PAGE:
Shooting photos up a woman’s skirt is legal in Mass., SJC rules
The state’s highest court Wednesday dismissed “Peeping Tom” charges against an Andover man accused of taking photographs up women’s skirts on MBTA trolleys, a decision that quickly drew calls for legislation to outlaw the practice.
In its unanimous ruling, the Supreme Judicial Court said the state’s current criminal voyeurism law does not apply to what is known as “upskirting,’’ but prosecutors and state legislators said they will pass a new law to address what some called a criminal form of sexual harassment.
“No respectable citizen wants this situation to be allowed to continue,” said Suffolk District Attorney Daniel F. Conley, whose office prosecuted the case. “Every person, male or female, has a right to privacy beneath his or her own clothing. . . . If the statute as written doesn’t protect that privacy, then I’m urging the Legislature to act rapidly and adjust it so it does.”
At least two bills introduced in the Legislature in recent years could have made the practice of upskirting illegal, but the legislation went nowhere, according to a review of the bills.
House Speaker Robert A. DeLeo said in a statement Wednesday: “The ruling of the Supreme Judicial Court is contrary to the spirit of the current law. The House will begin work on updating our statutes to conform with today’s technology immediately.”
Senate President Therese Murray said she was “stunned and disappointed” and that the “Senate will act swiftly.”
“We have fought too hard and too long for women’s rights to take the step backward that they did today,” she said.
The defendant in the case, Michael Robertson, 32, had been accused of secretly videotaping and photographing women who sat across from him wearing skirts on an MBTA trolley on two separate occasions in 2010. He allegedly aimed his cellphone camera directly between their legs.
Robertson was first charged with criminal voyeurism, a misdemeanor, in Boston Municipal Court in 2010. He filed a motion to dismiss the case in 2012, which was rejected, and the SJC heard the case in 2013.
Under the law, prosecutors needed to prove that the women had a reasonable expectation of privacy on the train and that they were photographed while nude or partially nude. The court found that prosecutors failed to meet those requirements.
“A female passenger on a MBTA trolley who is wearing a skirt, dress, or the like covering these parts of her body is not a person who is ‘partially nude,’ no matter what is or is not underneath the skirt by way of underwear or other clothing,” the court said.
“Because the MBTA is a public transit system operating in a public place and uses cameras, the two alleged victims here were not in a place and circumstance where they reasonably would or could have had an expectation of privacy,” the court said.
In a ruling written by Justice Margot Botsford, the court said that the concept of a law to target such conduct “is eminently reasonable, but [the existing law] in its current form does not address it.”
Conley said the court was clearly not condoning the actions. “It’s up to the Legislature to amend or rewrite this statute,” he said.
The current law was based on outdated technology. Passed in 2004, long before cellphone cameras were common, it was meant to address voyeurism in which a perpetrator would hide a camera in a ceiling or in a hole in a wall.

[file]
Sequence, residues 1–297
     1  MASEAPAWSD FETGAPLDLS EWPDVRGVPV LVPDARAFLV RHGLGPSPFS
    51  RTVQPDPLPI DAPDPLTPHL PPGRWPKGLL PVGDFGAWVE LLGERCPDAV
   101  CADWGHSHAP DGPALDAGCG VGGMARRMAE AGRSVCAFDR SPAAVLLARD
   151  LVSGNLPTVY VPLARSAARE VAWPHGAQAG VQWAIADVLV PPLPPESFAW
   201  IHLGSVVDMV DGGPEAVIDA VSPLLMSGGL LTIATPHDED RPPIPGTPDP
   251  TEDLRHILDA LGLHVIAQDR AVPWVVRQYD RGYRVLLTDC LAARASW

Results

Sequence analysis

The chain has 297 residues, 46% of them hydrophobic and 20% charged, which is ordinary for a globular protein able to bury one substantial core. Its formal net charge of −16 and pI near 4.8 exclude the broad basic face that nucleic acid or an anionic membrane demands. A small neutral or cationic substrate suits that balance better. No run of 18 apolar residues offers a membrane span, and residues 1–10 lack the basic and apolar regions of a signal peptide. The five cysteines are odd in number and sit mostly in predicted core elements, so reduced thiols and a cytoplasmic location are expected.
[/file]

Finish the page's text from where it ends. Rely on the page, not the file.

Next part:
Robertson’s lawyer, Michelle Menken of Rankin & Sultan of Boston, said that “the court got this one right” and that “the legal question was pretty straightforward.”
“It’s clear on the face of the statute that it doesn’t reach this conduct,” she said. “The Commonwealth was trying to reuse this statute to reach this kind of conduct, which has increased with the proliferation of cellphones. But you can’t take an old statute and twist it and make it try to fit new conduct.”
Gina Scaramella — executive director of the Boston Area Rape Crisis Center, who has worked with the MBTA on campaigns to increase awareness of harassment on T lines — called on lawmakers to act.
“Sexual violence doesn’t have to involve actual touching,” she said. “There are many things people can do to be sexually violent without touching someone, and this is a great example.”
The MBTA said there were three “secretly photographing” cases that were brought in 2013, four in 2012, and six in 2011. By comparison, the MBTA records 395 million passenger trips a year.
Joe Pesaturo, a spokesman for the MBTA, said the agency supports the calls to rewrite the state law.
“We fully support the prosecutors and lawmakers who are advocating for an amended statute,” he said. “We also urge our riders to not be deterred by this ruling. We continue to encourage them to report any unusual activity they observe.”
Several proposals to address secretly taken photographs have been made before, but never completed the legislative process.
State Representative Paul A. Brodeur, a Democrat from Melrose, worked with Gerard T. Leone Jr. when Leone was the Middlesex district attorney to introduce a crime package that targeted secret photos of children and other, similar crimes that have proliferated with cellphone camera technology. The crime package included legislation that would have outlawed taking secret photos of someone’s private parts, whether the person is fully nude or not.
“We recognized that as technology advanced, it became more portable, more easy to use, and we wanted broader coverage,” he said. “Incidents like this case that was the subject of this [high court] decision were things that we wanted to reach but weren’t going to reach by the current law. We wanted to broaden the scope.”
He noted the outrage on Beacon Hill Wednesday, and said, “It’s not the way you wanted it to happen, but the [high court] has put this issue on the map.”